Content Category

Literary Criticism

Abstract/Description

First published in 1895, Elizabeth Cady Stanton’s The Woman’s Bible was a reaction to Stanton’s dissatisfaction with the way women were oppressed in society; she blamed religion—particularly the Bible—for this inequality. Stanton was a prominent suffragist in the early fight for women’s rights, and although her views were often seen as quite radical in her time, her behavior was warranted given the environment of the 19th century world in which she lived. At the time of its publication, The Woman’s Bible was rejected and ridiculed by Stanton’s contemporaries, however, this paper will demonstrate how Stanton’s contribution to early feminist biblical criticism can lead a contemporary audience to give her the praise she deserves. By looking to Stanton’s interpretation of pivotal figures, such as Eve, as well as her method of translating and interpreting sexist biblical passages, Stanton’s most controversial work is vindicated.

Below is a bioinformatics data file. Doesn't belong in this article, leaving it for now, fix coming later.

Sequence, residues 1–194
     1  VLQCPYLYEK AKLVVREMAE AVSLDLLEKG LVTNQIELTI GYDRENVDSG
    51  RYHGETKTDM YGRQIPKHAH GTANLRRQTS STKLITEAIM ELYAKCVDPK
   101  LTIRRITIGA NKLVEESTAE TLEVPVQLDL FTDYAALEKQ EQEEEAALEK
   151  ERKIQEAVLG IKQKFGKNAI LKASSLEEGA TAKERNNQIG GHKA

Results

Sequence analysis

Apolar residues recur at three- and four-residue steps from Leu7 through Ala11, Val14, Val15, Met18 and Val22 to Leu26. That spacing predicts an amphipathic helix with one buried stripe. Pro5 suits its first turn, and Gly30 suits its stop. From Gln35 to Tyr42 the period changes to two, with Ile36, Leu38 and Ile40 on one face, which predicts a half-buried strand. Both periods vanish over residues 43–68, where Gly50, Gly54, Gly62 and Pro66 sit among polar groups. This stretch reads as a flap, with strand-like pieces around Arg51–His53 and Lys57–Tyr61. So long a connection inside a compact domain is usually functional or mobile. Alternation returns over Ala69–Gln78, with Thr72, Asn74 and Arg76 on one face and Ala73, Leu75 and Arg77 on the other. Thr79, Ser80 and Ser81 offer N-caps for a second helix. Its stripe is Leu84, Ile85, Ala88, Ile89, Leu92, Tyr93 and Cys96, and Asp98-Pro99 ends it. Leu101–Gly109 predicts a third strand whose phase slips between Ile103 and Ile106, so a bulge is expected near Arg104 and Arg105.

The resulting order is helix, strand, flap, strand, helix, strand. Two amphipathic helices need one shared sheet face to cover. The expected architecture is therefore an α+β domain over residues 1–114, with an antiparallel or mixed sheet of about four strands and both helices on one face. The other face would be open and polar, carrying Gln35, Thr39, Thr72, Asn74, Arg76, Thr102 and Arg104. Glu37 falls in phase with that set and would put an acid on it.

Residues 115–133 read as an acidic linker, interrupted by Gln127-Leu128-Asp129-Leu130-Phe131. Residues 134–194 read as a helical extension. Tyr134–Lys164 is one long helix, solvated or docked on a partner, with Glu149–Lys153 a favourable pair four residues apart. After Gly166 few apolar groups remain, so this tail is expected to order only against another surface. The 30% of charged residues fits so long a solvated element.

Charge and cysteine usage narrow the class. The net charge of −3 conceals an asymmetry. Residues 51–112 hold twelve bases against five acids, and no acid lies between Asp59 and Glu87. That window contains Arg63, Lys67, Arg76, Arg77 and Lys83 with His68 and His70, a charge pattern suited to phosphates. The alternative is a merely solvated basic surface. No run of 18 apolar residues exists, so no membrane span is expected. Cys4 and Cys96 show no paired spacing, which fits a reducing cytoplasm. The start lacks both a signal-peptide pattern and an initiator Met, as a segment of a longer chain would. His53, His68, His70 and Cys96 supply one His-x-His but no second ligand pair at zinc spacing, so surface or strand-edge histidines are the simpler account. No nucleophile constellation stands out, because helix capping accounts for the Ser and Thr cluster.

Origin of Submission

as part of a class

Faculty Involvement

Dr. Kristine Hansen

Share

COinS
 

Radical Words Then and Now: The Historical and Contemporary Impact of Elizabeth Cady Stanton’s The Woman’s Bible

First published in 1895, Elizabeth Cady Stanton’s The Woman’s Bible was a reaction to Stanton’s dissatisfaction with the way women were oppressed in society; she blamed religion—particularly the Bible—for this inequality. Stanton was a prominent suffragist in the early fight for women’s rights, and although her views were often seen as quite radical in her time, her behavior was warranted given the environment of the 19th century world in which she lived. At the time of its publication, The Woman’s Bible was rejected and ridiculed by Stanton’s contemporaries, however, this paper will demonstrate how Stanton’s contribution to early feminist biblical criticism can lead a contemporary audience to give her the praise she deserves. By looking to Stanton’s interpretation of pivotal figures, such as Eve, as well as her method of translating and interpreting sexist biblical passages, Stanton’s most controversial work is vindicated.